Rethinking the Health Frame: Values and the EPA’s Climate Change Regulations

by Andrew Volmert July 1, 2014 Framer Reads the News

As part of a recent weekly address, President Obama announced the EPA’s new draft regulations on carbon emissions. In that address, he adopted the frame du jour in climate change circles, concentrating on the health threats posed by climate change and emphasizing their gravity — what we call the “health frame.” The president spotlighted the [...]

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Reframing the Ordinary with Metaphors

by Michael Erard April 22, 2013 Framer Reads the News

There are some ordinary things in life that you think don’t need a metaphor. But once you hear the metaphor, it helps you see the ordinary in a whole new way. I found two cases that recently floated across my social media radar that are not only presented well, but are also immediately evident in [...]

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When Campaigns Go Bad: New York City’s Teenage Pregnancy Campaign

by Shannon Arvizu March 7, 2013 Framer Reads the News

The following guest post is authored by Susan Nall Bales, FrameWorks President. If FrameWorks had a Frames of Shame Award, New York City’s new Teen Pregnancy Campaign would be a strong contender.  It represents a series of catastrophic but classic mistakes about social issues campaigning.  In that regard, it is instructive. First, about the campaign: [...]

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Public Safety: The Pictures in Their Heads

by Robert Shore February 21, 2013 Framing in the Field

Public Safety is finally starting to get the time it deserves in the public conversation; but with an issue so complex and fraught with controversy, it’s easy for messages to get swallowed in the “swamp” of cultural models. In partnership with the Charles Hamilton Houston Institute for Race and Justice at Harvard University’s Law School [...]

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The Wedginess of Communicating Statistics

by Michael Erard February 14, 2013 Framer Reads the News

You may have noticed that scientists – as well as other professionals – frequently point to, write, talk, think about, and argue in terms of graphs, charts, and other visualizations of data. Sometimes, these visualizations are complex enough that they need to be explained, and in some cases, those explanations themselves give shape to the [...]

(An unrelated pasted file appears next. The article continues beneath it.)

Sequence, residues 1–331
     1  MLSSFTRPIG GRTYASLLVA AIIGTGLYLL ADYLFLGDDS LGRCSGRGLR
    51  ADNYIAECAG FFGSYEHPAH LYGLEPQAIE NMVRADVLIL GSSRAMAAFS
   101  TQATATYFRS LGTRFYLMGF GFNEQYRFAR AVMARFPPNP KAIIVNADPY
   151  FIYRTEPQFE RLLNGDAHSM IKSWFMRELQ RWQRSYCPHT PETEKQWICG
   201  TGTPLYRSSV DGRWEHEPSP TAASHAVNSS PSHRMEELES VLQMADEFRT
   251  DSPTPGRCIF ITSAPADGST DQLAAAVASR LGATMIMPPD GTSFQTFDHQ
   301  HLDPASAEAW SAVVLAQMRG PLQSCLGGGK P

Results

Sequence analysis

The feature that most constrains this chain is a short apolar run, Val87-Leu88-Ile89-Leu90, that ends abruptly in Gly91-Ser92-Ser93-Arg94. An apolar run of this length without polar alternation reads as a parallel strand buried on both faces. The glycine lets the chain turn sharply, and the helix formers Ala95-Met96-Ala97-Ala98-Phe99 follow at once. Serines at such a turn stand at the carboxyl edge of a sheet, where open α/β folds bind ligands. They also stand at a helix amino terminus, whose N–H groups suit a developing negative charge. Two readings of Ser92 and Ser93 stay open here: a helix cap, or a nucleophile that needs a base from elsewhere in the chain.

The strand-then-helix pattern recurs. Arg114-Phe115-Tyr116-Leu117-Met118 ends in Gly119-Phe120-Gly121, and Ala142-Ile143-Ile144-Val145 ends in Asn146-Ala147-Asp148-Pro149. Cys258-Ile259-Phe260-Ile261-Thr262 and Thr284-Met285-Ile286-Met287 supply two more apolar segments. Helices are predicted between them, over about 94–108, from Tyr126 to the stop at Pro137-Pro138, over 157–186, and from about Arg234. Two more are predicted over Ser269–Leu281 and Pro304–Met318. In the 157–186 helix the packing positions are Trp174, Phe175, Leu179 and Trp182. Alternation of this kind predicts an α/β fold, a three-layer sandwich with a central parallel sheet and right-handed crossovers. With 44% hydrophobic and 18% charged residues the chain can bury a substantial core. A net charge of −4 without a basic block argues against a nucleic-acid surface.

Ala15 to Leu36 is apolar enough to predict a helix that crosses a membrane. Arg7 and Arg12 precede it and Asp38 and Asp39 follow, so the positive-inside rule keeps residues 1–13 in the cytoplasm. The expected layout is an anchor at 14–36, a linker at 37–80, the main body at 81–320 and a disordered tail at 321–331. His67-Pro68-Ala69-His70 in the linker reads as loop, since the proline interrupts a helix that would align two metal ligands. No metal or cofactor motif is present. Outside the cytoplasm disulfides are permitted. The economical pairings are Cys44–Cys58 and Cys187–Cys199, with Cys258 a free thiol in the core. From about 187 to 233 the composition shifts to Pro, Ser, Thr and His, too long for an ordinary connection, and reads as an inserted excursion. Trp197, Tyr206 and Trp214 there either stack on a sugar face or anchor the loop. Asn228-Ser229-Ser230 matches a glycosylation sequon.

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Framing in the Field: The Power of Afterschool Learning

by Shannon Arvizu February 6, 2013 Framing in the Field

“It is now broadly understood that expanded learning programs can and must be much more than ‘graham crackers and basketball’ – that is, they can play a critical role in young people’s lives. But what does a real mind shift look like?” This is the question Michael Levine (Executive Director, Joan Ganz Cooney Center at [...]

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Media Framing: When Journalists Keep It Real and What It Means for Advocates

by Shannon Arvizu January 10, 2013 Framer Reads the News

Is it a fallacy to think that the media could ever really be objective? This is a question posed by Jay Rosen from the PressThink blog. Rosen writes that the media’s endeavors to appear “fair and balanced” hide the framing decisions every journalist must make when presenting information. Instead of hiding under this objectivity pretense, [...]

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Social Math for Climate Change: Young People Have Never Experienced a Colder than Average Month

by Shannon Arvizu November 19, 2012 Framer Reads the News

With Hurricane Sandy slowing fading from the media’s limited attention span, it is time for advocates to “widen the lens” and tell a more persistent and compelling story about the effects of climate change. One way to do this is to use social math. Grist.org has a great social math example  based on the latest [...]

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Framing Digital Media and 21st Century Learning

by Michael Baran November 8, 2012 Framer Reads the News

Two new surveys released last week provide promising evidence that digital technology in classrooms is playing a positive role in children’s skill development. As children learn to navigate new technologies, they become more active in their learning, more self-sufficient as researchers, and more engaged in what they are doing. Subsequently, their higher order thinking skills [...]

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Video Games and Organic Chocolate Milk: Thoughts from a Learning Game Designer

by Shannon Arvizu October 11, 2012 Framing in the Field

The following guest post is from Dylan Arena, Ph.D., a former FrameWorks Summer Fellow and Chief Learning Officer at Kidaptive. Digital games have been a part of our media landscape for over three decades, and the discourse around them has always been primarily focused on whether or not they were harmful. According to dominant public [...]

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